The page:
The “New” Power Hitter
- Updated: March 15, 2011
If you think of the great power hitters of all time—Babe Ruth, Lou Gehrig, Willie Mays, Hank Aaron—the names that come to mind were more than power hitters, since they were all around fantastic batters. The traditional definition of a slugger did not necessarily include hitting home runs, but rather, hitting the ball solidly and often. In the right circumstances, a hard grounder up the middle was just as exciting as a 450 foot bomb.
Back in the day, in order to be viewed as a great ballplayer, a slugger needed to be able to perform well in all other aspects of the game. The Bambino’s career batting average is .342, and Gehrig’s is .340, both higher than contact hitters such as Tony Gwynn and Rod Carew. Hank Aaron’s career runs scored is tied for 4th all time, proving that he was an excellent base-runner. These are just a few examples.
However, nowadays, most home run hitters focus only on hitting home runs, disregarding all other components of the game. This phenomenon can be attributed to many causes—the Designated Hitter, the failure of fans to appreciate all facets of the game, and the popularity of the home run. In any rate, the emergence of these new power hitters is hurting their teams and the game itself.
The first modern power hitter seems to be Bobby Bonds. Though Bonds did swipe bases effectively throughout his career, his strikeout totals were unheard of for his time. His career totals in batting average and on base percentage are pedestrian, and his slugging isn’t overwhelming either. The number that jumps off the page is Bonds’s strikeout total, 1757 K’s in only 14 seasons. Per 162 games, he averaged 154 K’s. Because he was respected as a three-time all-star and a solid ballplayer despite his strikeout numbers, Bonds lead the way for the new style of power hitters.
Another early example is Reggie Jackson, the strikeout king. His postseason heroics cemented him as a legend, and the guy knew how to hit home runs. But, that’s just about all he knew how to do. That, and strike out. Mr. October never drove in that many runs, or stole that many bases, or drew that many walks. His only proficiencies were hitting the long ball and “K-ing.” Yet, because of those heroics, and the fact that he played the prime of his career in the Big Apple, Jackson is considered one of the finest hitters of his day, a claim that simply cannot be supported.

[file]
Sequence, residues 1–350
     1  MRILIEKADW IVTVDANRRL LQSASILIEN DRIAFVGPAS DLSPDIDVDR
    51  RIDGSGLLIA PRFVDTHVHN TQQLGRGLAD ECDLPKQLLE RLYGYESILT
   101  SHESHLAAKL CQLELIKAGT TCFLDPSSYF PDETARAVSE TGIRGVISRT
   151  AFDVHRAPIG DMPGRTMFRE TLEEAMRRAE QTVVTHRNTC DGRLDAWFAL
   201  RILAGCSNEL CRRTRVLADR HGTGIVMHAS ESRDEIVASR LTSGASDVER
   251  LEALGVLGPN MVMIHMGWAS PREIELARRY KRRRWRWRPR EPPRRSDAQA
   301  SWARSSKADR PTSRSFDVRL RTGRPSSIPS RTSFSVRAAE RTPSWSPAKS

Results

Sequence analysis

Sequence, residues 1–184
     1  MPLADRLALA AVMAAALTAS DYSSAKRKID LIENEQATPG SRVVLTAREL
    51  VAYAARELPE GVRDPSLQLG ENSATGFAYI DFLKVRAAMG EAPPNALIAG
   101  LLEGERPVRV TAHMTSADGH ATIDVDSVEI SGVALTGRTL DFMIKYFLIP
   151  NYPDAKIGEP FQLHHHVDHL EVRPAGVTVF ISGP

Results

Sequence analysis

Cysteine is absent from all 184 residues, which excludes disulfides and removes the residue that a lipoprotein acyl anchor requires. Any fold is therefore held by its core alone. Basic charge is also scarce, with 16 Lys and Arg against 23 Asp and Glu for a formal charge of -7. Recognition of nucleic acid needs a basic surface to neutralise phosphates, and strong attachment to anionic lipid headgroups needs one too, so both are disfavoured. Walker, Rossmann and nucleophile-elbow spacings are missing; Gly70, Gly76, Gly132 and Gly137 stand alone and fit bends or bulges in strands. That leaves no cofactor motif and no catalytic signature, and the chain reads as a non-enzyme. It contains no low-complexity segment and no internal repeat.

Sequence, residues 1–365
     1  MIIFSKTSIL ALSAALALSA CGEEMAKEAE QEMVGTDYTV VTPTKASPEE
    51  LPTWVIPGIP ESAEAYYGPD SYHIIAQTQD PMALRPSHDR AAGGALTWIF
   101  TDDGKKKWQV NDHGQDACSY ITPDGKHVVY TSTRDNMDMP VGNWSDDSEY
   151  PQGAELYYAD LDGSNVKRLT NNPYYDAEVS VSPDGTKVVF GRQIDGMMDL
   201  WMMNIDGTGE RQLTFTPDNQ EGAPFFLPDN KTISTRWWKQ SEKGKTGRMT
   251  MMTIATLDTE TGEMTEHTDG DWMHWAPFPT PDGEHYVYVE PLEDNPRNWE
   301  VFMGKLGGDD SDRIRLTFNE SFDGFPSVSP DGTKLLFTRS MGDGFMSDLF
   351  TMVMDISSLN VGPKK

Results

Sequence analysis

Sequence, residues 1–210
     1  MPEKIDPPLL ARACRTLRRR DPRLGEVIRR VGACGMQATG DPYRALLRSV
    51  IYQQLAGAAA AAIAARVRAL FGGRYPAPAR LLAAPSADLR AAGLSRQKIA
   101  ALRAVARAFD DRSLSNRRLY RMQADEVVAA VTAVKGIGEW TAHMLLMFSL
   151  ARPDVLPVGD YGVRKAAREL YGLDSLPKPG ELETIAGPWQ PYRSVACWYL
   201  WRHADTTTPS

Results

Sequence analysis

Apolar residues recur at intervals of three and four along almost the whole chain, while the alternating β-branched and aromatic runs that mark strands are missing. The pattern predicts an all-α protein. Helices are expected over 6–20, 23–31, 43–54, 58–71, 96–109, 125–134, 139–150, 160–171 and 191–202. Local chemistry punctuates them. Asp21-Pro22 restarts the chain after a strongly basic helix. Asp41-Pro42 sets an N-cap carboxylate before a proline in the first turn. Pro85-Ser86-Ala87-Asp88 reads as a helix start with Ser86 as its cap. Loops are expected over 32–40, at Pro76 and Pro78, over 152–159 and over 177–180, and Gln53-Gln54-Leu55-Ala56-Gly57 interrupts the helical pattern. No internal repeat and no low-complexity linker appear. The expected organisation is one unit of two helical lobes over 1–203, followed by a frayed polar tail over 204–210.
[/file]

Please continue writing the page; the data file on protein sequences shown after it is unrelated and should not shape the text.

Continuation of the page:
I believe that these two players changed the game forever. A lot of my friends criticize baseball because many of its stars seem to be out of shape. Most baseball players in the game today are in good shape, but the ones whose fitness is suspect stand out: David Ortiz, Prince Fielder, Paul Konerko, Ryan Howard, Adam Dunn, Jim Thome, and more. Some of these guys are “large,” and some of them just can’t run. Regardless, to play in the Major Leagues, a player should be able to be successful in more than one facet of the game in order to help their team.
Most power hitters of today strike out in bunches, even infielders like Alex Rodriguez. Take a look at the stats of Adam Dunn or Ryan Howard, and you’ll notice a pattern: low to average batting averages, lots of strikeouts, no stolen bases, and lots of home runs. This is a common model of the average power hitter of the 2000’s.
One of Bill James’s most interesting stats is the “similarity score.” According to baseball-reference.com, “To compare one player to another, start at 1000 points and then you subtract points based on the statistical differences of each player.” Dunn and Howard over the years have been scored similar to players like Richie Sexson, Norm Cash, and Daryl Strawberry, none of which are Hall-of-Fame quality ballplayers.
While most power hitters nowadays are “one-dimensional,” there are a few exceptions: Albert Pujols and Vladimir Guerrero are versatile ballplayers with good power as well as plate discipline. Using similarity scores, the two players have been compared to Joe DiMaggio, Jimmie Foxx, Willie Mays, and Duke Snider, all of whom are legends of their time. Despite this, most power hitters of the day can’t run, can’t hit for average and strike out far too frequently.
In many home run hitters’ contracts, there is a clause stating that they get rewarded for hitting a certain amount of home runs. A possible solution to the “one-dimensional” problem is rewarding a player not only for hitting homers, but striking out less, or stealing bases, or hitting for a high batting average. The home run is an important part of the game, but it shouldn’t be rewarded more than any other part.
Overall, power hitters today specialize in just hitting homers, which has changed the game for the worse. Many of them aren’t athletic enough to even play a full season, and baseball gets a lot of negative commentary because of it. I don’t know if the game can ever be the same again, but I hope it will change back to its true self eventually.